An ideal profile is not a customer persona, even though they are often confused. While developing customer personas are equally essential, they are each derived by a separate approach and each serve a different purpose. The profile is based on real companies or consumers that you want to target with your sales and marketing initiatives.
You will construct your user personas using what you know about your ideal customer. They typically come after you understand your ideal custom profile.
A good way to think about it is your ideal customer profile is the broad type of customer you want to target (companies in the B2B telecom industry, for example), and your user personas are specific examples of people within that group (Anne the CTO). If your target audience are consumers, your ideal customer example may be consumers of a certain gender and age range, and your user persona would be Anne the millennial mom.
You and your cross-functional team will determine which characteristics are the most important. The profile shouldn’t be too broad or too narrow. The goal is to create a profile that includes just the right amount of potential customers for whatever you are trying to achieve. Everyone in your company should be able to quickly and easily understand and be able to imagine who the ideal customer is, and is not.
In order to create an ideal customer profile, you need to:
- Inventory your best customers
- Compare common characteristics
- Prioritize most valuable characteristics
Inventory your best customers
Take a look at the customers you have and share customer data with other business units. Based on all of the data out there, which customers does everyone agree is high value? Your list size will depend on your customer base, but ideally, shoot for a list of five to 15 customers.
You can easily see what they pay you, but do you know why they value your company? What benefit do you bring them? Don’t make assumptions. Ask them. Call them, email them, create a survey – whatever you need to do to understand why they are a customer.
Compare common characteristics
Once you have your list of best customers, it’s time to do a side-by-side comparison, brainstorming questions you can ask about each customer. What attributes do they have in common?
Start broad and then go granular, even listing random questions and characteristics that may not seem to have relevance. If they share it, it matters. Don’t worry about how long your list is. It’s better to have too many attributes at this stage than not enough.
Prioritize most valuable characteristics
Now, it’s time to determine what matters most to your company. Narrow your list of common characteristics to no more than 10 that are the most valuable. By the end of this practice, you should see a profile emerge, one that provides clarity as to who your ideal customer is for the situation you are solving for or a business goal.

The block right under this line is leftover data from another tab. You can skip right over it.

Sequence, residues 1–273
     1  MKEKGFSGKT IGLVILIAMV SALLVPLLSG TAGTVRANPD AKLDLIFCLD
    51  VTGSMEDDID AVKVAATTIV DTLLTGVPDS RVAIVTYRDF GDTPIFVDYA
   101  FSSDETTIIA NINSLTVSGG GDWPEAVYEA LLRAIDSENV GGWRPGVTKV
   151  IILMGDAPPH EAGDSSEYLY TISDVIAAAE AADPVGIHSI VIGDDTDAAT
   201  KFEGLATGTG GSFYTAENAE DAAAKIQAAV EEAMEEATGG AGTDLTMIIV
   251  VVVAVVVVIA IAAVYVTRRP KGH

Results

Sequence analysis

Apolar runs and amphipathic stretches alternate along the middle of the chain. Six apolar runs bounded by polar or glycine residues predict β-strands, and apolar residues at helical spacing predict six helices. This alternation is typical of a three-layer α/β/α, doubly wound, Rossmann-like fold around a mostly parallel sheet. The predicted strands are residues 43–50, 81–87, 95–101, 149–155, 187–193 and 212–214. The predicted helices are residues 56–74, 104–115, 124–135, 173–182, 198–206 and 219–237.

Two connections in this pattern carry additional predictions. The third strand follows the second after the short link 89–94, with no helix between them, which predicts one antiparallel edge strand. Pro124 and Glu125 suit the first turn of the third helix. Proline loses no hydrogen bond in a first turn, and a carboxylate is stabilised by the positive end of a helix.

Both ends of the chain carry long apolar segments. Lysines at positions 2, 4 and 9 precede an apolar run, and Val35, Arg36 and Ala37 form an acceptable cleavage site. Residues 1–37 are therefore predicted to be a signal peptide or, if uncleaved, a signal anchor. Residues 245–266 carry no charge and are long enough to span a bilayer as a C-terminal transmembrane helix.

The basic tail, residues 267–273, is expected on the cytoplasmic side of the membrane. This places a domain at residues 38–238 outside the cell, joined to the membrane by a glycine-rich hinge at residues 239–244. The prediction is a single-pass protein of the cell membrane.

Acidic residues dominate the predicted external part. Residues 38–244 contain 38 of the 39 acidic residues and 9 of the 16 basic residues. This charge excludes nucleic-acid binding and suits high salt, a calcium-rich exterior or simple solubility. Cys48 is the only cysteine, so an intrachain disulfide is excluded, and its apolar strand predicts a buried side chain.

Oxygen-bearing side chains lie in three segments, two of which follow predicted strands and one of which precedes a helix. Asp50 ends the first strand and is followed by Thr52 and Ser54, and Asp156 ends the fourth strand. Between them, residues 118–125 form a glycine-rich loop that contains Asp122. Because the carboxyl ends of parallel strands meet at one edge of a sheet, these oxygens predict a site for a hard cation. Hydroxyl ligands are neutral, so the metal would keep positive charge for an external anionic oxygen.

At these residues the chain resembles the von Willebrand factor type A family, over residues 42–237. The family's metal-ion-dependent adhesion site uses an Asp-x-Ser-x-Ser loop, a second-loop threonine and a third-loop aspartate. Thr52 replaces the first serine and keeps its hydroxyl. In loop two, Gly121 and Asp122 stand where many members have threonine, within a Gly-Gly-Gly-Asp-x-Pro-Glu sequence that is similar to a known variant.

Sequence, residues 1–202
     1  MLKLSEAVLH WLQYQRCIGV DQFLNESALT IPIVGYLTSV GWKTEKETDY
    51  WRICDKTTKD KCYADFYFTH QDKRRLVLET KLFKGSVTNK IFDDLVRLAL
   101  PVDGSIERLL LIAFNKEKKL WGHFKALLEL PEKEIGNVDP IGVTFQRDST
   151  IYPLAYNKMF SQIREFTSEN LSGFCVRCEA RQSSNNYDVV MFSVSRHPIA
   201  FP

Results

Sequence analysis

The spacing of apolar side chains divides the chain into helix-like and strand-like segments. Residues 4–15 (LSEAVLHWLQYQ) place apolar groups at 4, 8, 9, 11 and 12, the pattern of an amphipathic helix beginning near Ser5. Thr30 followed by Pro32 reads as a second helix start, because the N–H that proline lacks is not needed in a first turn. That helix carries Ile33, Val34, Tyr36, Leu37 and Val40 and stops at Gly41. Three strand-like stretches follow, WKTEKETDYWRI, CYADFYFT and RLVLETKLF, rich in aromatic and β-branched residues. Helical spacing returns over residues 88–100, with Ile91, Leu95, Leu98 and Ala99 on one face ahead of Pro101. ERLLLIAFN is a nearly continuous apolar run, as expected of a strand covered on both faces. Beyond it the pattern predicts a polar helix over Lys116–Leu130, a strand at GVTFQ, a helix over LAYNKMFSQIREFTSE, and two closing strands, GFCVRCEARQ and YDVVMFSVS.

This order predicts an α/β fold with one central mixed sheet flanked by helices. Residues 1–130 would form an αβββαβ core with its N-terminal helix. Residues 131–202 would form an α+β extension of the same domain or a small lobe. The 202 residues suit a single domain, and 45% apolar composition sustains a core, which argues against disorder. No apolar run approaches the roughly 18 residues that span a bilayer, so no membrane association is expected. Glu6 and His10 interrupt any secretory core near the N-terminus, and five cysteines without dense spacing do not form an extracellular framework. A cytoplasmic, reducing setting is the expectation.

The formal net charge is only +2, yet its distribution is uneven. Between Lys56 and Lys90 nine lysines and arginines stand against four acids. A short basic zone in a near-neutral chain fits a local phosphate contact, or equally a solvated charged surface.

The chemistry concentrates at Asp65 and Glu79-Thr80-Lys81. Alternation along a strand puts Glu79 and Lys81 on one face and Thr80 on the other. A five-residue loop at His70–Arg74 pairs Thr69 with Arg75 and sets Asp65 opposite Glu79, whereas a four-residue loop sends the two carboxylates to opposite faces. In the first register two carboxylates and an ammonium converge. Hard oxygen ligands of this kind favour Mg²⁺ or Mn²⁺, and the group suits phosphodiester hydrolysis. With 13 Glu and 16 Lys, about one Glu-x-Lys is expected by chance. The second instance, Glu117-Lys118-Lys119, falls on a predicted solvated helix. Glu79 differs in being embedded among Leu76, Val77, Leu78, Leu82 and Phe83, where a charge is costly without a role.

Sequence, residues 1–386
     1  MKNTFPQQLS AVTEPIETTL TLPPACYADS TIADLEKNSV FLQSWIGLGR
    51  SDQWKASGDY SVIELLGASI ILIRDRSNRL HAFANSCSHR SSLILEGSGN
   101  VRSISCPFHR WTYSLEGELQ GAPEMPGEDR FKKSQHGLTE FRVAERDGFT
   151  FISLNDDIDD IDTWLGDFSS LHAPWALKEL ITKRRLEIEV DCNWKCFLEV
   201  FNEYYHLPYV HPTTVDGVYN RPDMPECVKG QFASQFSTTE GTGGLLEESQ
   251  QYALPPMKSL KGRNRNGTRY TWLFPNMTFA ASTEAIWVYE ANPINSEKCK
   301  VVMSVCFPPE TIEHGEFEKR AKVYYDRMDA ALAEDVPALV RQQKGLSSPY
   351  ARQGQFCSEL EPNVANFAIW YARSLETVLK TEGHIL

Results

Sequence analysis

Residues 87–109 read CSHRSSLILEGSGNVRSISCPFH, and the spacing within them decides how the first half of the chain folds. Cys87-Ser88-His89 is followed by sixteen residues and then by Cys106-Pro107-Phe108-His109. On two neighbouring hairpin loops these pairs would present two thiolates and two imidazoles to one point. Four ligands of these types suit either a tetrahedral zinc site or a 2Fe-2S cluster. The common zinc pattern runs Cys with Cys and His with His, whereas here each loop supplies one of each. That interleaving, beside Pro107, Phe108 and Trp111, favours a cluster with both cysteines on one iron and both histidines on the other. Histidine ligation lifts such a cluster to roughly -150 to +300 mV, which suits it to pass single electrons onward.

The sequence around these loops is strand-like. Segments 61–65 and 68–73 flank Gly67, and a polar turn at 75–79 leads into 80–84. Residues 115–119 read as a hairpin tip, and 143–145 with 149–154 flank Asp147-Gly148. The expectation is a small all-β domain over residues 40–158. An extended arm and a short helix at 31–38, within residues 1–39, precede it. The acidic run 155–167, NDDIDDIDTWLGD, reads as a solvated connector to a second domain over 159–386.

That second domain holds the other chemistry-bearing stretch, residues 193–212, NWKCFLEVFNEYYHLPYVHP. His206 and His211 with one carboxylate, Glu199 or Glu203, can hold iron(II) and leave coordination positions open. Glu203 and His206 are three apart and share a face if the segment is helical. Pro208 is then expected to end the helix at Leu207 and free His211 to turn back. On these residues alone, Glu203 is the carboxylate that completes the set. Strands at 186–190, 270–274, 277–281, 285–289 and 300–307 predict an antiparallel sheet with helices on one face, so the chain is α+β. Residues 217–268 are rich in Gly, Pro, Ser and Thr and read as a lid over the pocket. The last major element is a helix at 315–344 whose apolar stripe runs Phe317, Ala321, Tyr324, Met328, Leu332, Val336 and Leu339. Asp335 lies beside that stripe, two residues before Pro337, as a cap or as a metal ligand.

Remember that your ideal customer definition should be based on real customer data, not opinion or an agenda. It is objective, quantifiable, and specific. Use nouns and verbs instead of adjectives to describe your ideal customer. Adjectives are best left for user personas. You will likely need to evaluate and test your definition across teams to see if it accurately depicts your target audience. Refine your definition until everyone agrees.
What to Do Once You Have Your Ideal Customer Profile
Once you have an agreed-upon ideal customer, the sky’s the limit on what you can do with it. Compare the profile with the rest of your customer base and prospect funnel to get a clearer picture of your risks and opportunities. Leverage your definition further by developing specific user personas.
As a marketer, your team can now focus efforts on targeting a specific audience with personalized content. As a sales professional, you can focus on optimizing your value proposition and strategy for this specific type of user. And as a product developer, you can concentrate on features that benefit one type of user. With an ideal customer profile, everyone has more confidence that their efforts are hitting the mark.
Creating this profile takes time, data, and teamwork. Keep in mind that it is essential the profile adapts to changing priorities and goals. You can always refer to your “best customer” list and go from there, remembering to consider new customers as they come in. Take the time to understand why the business may have lost existing customers. That kind of insight is just as valuable.